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Hamburg Süd prepares for more competition

Hamburg Süd seems to be preparing for increased competition on the carrier’s Latin American home market. “For us, the reefer market is a real market for the future,” says Peter Frederiksen, member of the Executive Board in Hamburg Süd, in an interview with ShippingWatch.

Photo: Hamburg Süd

When Germany’s two biggest container carriers, Hapag-Lloyd and Hamburg Süd, in December 2012 announced negotiations concerning a potential merger, leading analyst agencies estimated that the move would lead to a strong and completely logical constellation, where Hamburg Süd with its historically strong position on the reefer routes to South America could supplement Hapag-Lloyd’s network on the major, though crowded and volatile routes between Asia and Europe.

But the negotiations, between family-owned and traditionally reserved Hamburg Süd - which is part of the Oetker family’s business empire – and the Hapag-Lloyd ownership, which includes the city government of Hamburg as well as Klaus Michael Kuehne of Kuehne & Nagel, collapsed during the spring of 2013.

Speculations have flourished since then about whether Hamburg Süd would look for other potential collaborations similar to the one discussed with Hapag-Lloyd, but a rare interview with Hamburg Süd’s senior executive, Danish Peter Frederiksen, who joined the carrier in 2008 as Head of Sales & Marketing, Customer Order Management and Region Europe, reveals that the carrier has no immediate plans to pursue new constellations. Since 2012, Peter Frederiksen has been a member of the Executive Board of Hamburg Süd.

Hamburg Süd - Cap San Nicolas.jpg

“We review our strategy regularly, so that we are able not only to maintain our market position as one of the leading North-South carriers, but also to build on it. As we are currently very pleased with our existing partnerships, we are not considering any other cooperation at the moment. Nonetheless, we have sufficient flexibility to react to a changing market, and to assess new options,” Peter Frederiksen tells ShippingWatch.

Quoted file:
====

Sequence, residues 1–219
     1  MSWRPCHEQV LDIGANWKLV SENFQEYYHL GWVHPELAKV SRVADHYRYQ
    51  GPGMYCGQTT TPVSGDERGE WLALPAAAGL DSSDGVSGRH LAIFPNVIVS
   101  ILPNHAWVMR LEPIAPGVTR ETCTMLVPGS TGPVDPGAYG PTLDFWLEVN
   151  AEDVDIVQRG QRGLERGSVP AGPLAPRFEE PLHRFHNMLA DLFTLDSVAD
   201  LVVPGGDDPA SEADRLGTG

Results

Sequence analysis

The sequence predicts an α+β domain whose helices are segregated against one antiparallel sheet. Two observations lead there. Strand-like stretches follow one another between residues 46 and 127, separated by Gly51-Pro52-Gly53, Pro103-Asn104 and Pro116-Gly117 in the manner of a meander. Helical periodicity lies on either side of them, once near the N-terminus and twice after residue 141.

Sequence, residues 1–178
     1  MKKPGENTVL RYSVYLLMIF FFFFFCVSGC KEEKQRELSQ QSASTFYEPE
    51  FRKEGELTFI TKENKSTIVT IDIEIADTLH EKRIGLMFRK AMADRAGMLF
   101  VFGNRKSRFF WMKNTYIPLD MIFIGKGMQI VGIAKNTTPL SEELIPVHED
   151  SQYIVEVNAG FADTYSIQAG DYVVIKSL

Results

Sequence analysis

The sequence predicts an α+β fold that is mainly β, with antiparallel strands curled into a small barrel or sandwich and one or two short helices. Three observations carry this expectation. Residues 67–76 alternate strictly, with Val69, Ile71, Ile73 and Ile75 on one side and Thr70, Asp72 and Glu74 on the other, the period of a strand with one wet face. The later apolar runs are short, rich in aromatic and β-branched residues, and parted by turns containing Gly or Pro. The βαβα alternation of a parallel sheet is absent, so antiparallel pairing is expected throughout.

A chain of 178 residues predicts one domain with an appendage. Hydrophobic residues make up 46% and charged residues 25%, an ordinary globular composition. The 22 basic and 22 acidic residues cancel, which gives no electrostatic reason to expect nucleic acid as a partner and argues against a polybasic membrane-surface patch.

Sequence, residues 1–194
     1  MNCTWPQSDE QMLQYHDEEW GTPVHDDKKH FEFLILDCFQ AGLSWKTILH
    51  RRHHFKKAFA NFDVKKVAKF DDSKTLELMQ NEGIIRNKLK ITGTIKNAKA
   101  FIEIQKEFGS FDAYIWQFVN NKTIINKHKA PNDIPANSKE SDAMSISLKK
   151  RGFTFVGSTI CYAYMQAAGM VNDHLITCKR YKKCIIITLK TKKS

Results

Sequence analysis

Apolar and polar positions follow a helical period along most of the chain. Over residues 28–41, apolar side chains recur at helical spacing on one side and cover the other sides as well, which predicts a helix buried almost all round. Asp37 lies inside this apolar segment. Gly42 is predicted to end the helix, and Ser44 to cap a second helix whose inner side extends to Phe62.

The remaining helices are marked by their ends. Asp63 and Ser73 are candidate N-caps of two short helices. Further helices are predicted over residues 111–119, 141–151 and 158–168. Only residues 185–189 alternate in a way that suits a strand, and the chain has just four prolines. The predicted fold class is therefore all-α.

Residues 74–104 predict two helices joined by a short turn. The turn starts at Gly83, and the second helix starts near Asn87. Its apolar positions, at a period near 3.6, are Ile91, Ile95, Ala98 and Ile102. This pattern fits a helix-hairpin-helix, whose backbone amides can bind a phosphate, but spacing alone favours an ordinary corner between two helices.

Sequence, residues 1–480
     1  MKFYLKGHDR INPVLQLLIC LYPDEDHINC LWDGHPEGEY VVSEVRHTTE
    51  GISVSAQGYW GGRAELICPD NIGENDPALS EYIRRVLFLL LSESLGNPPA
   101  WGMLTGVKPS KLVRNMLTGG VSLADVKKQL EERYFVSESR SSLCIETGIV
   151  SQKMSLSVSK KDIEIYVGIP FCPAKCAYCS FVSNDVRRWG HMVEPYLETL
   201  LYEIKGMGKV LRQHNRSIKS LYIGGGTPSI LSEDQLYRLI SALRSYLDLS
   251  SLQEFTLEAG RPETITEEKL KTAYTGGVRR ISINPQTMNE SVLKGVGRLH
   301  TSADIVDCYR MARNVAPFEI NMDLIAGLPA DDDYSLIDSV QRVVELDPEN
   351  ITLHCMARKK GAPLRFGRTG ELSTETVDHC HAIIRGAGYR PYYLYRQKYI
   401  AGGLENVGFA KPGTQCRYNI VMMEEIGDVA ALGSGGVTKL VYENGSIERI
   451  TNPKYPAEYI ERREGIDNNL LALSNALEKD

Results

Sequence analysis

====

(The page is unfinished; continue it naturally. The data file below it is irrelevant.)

In the coming years we will stick to our strategy as a quality carrier, and at least grow with the market.

Peter Frederiksen, member of the Executive Board, Hamburg Süd.

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Hamburg Süd, currently the most specialised carrier on Latin America, where a significant part of the revenue comes from the massive reefer market – a market that has not been subject to the rate fluctuations as seen on Asia-Europe – is expected to face increasing challenges from rivals such as Maersk Line, which has as global reefer market share of around 25 percent and thus holds a considerable market share in South America as well. Add to this the new merger between Hapag-Lloyd and Chilean CSAV.

“We have over 140 years of experience in the North-South slings and during this time we have successfully overcome numerous challenges. And the good thing is that, in retrospect, we have emerged from all crisis stronger than before. Therefore, in the coming years we will stick to our strategy as a quality carrier, and at least grow with the market. To ensure this, we are investing in modern ships, containers and optimised IT technology. On the other hand, we continue to reduce our costs – both at sea and onshore,” says Peter Frederiksen.